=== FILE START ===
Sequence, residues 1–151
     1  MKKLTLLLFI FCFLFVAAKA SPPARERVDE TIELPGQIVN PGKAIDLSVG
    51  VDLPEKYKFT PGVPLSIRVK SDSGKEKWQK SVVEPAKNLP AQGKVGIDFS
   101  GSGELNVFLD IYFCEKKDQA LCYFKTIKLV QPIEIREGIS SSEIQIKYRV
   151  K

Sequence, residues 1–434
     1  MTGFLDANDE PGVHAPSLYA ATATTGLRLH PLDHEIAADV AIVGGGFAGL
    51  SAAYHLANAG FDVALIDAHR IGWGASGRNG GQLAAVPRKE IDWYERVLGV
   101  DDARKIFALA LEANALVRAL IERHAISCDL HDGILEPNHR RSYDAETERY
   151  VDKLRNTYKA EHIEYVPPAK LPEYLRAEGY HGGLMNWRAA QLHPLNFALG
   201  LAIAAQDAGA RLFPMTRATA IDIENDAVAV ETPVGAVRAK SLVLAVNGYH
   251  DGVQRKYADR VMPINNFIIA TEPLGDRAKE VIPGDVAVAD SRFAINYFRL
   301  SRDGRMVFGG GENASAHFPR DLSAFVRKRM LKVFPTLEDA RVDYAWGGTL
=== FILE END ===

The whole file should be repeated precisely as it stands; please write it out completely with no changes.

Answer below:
Sequence, residues 1–151
     1  MKKLTLLLFI FCFLFVAAKA SPPARERVDE TIELPGQIVN PGKAIDLSVG
    51  VDLPEKYKFT PGVPLSIRVK SDSGKEKWQK SVVEPAKNLP AQGKVGIDFS
   101  GSGELNVFLD IYFCEKKDQA LCYFKTIKLV QPIEIREGIS SSEIQIKYRV
   151  K

Sequence, residues 1–434
     1  MTGFLDANDE PGVHAPSLYA ATATTGLRLH PLDHEIAADV AIVGGGFAGL
    51  SAAYHLANAG FDVALIDAHR IGWGASGRNG GQLAAVPRKE IDWYERVLGV
   101  DDARKIFALA LEANALVRAL IERHAISCDL HDGILEPNHR RSYDAETERY
   151  VDKLRNTYKA EHIEYVPPAK LPEYLRAEGY HGGLMNWRAA QLHPLNFALG
   201  LAIAAQDAGA RLFPMTRATA IDIENDAVAV ETPVGAVRAK SLVLAVNGYH
   251  DGVQRKYADR VMPINNFIIA TEPLGDRAKE VIPGDVAVAD SRFAINYFRL
   301  SRDGRMVFGG GENASAHFPR DLSAFVRKRM LKVFPTLEDA RVDYAWGGTL